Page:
A shoot shall come out from the stump of Jesse, and a branch shall grow out of his roots. 2The spirit of the Lord shall rest on him, the spirit of wisdom and understanding, the spirit of counsel and might, the spirit of knowledge and the fear of the Lord. 3His delight shall be in the fear of the Lord. He shall not judge by what his eyes see, or decide by what his ears hear; 4but with righteousness he shall judge the poor, and decide with equity for the meek of the earth; he shall strike the earth with the rod of his mouth, and with the breath of his lips he shall kill the wicked. 5Righteousness shall be the belt around his waist, and faithfulness the belt around his loins. 6The wolf shall live with the lamb, the leopard shall lie down with the kid, the calf and the lion and the fatling together, and a little child shall lead them. 7The cow and the bear shall graze, their young shall lie down together; and the lion shall eat straw like the ox. 8The nursing child shall play over the hole of the asp, and the weaned child shall put its hand on the adder’s den. 9They will not hurt or destroy on all my holy mountain; for the earth will be full of the knowledge of the Lord as the waters cover the sea. 10On that day the root of Jesse shall stand as a signal to the peoples; the nations shall inquire of him, and his dwelling shall be glorious.
We Christians tend to read this with our own Christ-centered lens. The shoot–newness, replacing the old sad stump–and the branch–us, growing from the foundations that have been laid. And yet, this Scripture is purely Old Testament, purely Hebrew Scripture. It speaks of a vision, a vision when life will be what God calls it to be, when the earth and all that it holds will finally once and for all live together just as the Lord intended. Jesse was the father of David, the pinnacle of the great dynasty of Israel. But dynasties and kingdoms have life spans just as people do. And what was once a thriving political powerhouse becomes a stump, seemingly useless for the world, a shadow of the past. And yet, from what we thought was dead suddenly springs forth life, providing a foundation for a new shoot. It creates a new order, a new way of seeing the world, a time of peace and unity for all the world. The people of Israel expected this from their king. This was what God intended–an order of justice and righteousness and peace. They long for a dynasty such as this, one with all the solid foundations of the past but one that grows in righteousness.
So, back to the Christ-centered lens…new order, justice, righteousness, peace…isn’t that the thing for which we hope? In this season of Advent, we once again remember and live that hope of the people of Israel for the Messiah, the Savior of the World. And we prepare for this year’s coming that will once again push us just a little bit closer to who we are meant to me. And at the same time we wait for our own Advent, our own coming of God in its fullness. Advent is all these things. We long for that new creation. We long for the day when warriors will sit down with those that they now attack, when predators will live in peace with their victims, and when those that consume more than they need just because they can finally come to the realization that the resources of this world belong to all. We hope against hope for a world without poverty and homelessness, without the threat of annihilation from weapons of all kinds, a world where each and every child has enough nutrition and education and healthcare to grow and flourish into who God calls him or her to be.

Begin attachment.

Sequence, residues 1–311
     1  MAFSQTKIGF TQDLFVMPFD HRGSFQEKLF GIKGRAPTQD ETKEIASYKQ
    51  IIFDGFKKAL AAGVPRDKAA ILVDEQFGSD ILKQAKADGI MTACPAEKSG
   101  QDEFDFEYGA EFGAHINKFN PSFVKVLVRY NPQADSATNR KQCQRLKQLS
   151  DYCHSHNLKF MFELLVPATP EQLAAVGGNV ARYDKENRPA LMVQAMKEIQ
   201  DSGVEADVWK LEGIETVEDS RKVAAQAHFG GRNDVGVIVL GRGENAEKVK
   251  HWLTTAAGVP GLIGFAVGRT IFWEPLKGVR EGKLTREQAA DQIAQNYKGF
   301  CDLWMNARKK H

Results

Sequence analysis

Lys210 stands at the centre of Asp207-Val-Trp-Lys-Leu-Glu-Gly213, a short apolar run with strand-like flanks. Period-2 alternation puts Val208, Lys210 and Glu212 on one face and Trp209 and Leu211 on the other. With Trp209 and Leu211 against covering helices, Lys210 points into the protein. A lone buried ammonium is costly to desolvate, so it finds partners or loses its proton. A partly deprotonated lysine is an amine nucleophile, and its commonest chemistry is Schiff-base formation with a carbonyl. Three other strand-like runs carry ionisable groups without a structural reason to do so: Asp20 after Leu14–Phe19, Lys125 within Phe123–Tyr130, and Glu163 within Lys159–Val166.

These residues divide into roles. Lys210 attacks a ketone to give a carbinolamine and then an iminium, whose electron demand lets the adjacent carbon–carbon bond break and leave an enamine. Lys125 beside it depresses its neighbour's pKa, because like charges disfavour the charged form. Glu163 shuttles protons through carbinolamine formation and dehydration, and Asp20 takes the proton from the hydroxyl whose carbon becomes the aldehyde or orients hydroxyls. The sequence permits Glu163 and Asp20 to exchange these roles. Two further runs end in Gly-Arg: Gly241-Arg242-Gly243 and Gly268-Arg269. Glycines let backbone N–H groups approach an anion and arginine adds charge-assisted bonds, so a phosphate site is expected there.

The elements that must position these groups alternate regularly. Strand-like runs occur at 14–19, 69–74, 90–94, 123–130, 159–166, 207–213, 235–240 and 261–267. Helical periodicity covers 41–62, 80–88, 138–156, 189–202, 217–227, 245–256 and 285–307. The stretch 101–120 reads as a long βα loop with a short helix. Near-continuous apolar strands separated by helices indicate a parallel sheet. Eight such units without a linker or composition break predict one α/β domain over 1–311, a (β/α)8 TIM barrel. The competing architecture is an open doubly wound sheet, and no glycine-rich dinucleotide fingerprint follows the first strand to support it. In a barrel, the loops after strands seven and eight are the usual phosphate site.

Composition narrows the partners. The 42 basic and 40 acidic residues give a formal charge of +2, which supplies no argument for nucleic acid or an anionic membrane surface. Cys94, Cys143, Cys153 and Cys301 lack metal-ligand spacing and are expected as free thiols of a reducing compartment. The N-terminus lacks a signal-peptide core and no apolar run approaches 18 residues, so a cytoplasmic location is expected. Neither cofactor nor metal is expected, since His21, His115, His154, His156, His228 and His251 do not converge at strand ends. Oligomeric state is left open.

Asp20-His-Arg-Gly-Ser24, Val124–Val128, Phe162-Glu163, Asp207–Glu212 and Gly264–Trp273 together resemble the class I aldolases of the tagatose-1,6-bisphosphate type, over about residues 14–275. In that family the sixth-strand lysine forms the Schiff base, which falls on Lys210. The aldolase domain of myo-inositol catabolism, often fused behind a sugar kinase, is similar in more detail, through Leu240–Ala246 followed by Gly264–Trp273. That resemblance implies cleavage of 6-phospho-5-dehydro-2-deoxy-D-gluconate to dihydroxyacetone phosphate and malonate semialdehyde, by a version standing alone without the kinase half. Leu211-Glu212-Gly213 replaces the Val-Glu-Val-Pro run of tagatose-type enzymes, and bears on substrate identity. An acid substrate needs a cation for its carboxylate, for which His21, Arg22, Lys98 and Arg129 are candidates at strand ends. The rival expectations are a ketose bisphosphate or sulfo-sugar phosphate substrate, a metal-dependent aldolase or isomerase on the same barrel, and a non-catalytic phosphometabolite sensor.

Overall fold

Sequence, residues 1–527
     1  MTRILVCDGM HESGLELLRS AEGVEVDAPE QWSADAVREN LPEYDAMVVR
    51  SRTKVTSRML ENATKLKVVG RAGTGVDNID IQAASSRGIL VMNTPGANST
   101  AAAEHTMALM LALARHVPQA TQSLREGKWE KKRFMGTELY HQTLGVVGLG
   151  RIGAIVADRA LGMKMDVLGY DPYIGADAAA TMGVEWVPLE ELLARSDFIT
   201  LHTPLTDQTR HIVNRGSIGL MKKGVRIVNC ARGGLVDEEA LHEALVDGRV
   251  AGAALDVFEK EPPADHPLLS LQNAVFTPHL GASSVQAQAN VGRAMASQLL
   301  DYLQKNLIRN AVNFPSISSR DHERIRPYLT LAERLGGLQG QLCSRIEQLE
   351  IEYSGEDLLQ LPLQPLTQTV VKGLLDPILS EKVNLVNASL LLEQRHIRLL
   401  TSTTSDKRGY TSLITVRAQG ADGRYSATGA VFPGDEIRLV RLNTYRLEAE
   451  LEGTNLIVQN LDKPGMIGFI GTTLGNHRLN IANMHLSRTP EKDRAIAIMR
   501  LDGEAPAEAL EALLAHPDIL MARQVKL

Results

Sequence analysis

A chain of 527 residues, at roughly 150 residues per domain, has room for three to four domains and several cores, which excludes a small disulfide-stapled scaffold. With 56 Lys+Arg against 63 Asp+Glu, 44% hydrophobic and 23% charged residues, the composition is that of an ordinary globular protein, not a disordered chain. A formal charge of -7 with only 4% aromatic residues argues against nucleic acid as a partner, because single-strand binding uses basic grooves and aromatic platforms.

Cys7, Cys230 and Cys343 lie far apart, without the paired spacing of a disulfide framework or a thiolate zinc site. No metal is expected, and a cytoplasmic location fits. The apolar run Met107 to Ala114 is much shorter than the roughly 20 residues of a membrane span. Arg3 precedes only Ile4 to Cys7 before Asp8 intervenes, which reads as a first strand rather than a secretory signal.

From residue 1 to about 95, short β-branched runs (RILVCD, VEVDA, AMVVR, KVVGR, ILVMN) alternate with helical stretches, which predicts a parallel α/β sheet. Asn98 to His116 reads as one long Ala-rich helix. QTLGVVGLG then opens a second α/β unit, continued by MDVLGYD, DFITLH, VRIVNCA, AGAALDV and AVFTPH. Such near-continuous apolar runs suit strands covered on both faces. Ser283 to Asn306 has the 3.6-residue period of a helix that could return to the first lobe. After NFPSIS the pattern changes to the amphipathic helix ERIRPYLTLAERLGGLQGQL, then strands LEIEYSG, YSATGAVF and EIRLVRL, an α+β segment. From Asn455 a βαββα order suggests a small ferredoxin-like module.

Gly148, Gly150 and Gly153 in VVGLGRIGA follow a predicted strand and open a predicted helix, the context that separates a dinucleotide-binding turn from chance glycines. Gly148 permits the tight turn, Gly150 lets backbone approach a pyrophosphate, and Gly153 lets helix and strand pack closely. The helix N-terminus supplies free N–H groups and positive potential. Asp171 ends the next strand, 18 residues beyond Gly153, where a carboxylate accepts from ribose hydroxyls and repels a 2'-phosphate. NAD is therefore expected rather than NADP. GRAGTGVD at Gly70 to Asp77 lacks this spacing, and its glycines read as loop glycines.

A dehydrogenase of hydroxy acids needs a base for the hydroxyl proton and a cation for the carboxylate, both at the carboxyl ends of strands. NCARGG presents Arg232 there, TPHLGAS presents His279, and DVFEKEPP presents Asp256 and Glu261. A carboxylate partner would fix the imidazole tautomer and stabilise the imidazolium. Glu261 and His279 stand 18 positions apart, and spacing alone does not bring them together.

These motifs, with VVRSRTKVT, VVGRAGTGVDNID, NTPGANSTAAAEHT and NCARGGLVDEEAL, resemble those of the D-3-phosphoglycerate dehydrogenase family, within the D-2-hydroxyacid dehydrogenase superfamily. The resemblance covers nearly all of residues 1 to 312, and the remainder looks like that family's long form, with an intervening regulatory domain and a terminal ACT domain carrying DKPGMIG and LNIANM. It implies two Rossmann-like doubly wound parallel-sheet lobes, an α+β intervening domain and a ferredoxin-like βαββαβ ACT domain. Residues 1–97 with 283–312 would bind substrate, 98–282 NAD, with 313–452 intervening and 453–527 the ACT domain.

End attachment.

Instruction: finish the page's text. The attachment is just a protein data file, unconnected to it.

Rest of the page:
So, are we the shoot or the stump? Are we the newness bursting forth or are we the foundation from whence it comes? The answer is yes. The two are so inter-connected that they cannot be separated. The shoot does not just drop out of the sky but is born into generations upon generations of waiting and hoping for the Light to come.
When I was in Israel a few years ago, I was fascinated with the olive trees. You see, they live hundreds or perhaps even a thousand years. And then they die, they leave what seems to be a mere stump. But the root system gives way to something new. So one of the oldest trees has a stump that is thousands of years old, almost petrified from the eons of weathering. But shooting from its foundation is another tree that is hundreds of years old. And shooting from it is another younger tree. And shooting from it is yet another brand new shoot. The tree is both a stump and a shoot, embracing the foundations of the past but leaving room for newness and recreation, leaving room for God’s work. And they exist together there in the garden, the Garden of Gethsemane.
God did not create a disposable world, regardless of what we do with it. God created an earth that would sustain itself not as individual lives making their way on others but as solid foundations giving way to new life. Both shoots and stumps are part of God’s vision for what will be. God is not replacing but recreating, redeeming, and resurrecting over and over again.
The fullness of joy is to behold God in everything. (Julian of Norwich)
Reflection: Where are the stumps in your life? Now look closer. What shoots do you see emerging from them? Are there parts of your life that you have discarded before God was finished working on them?
Grace and Peace,
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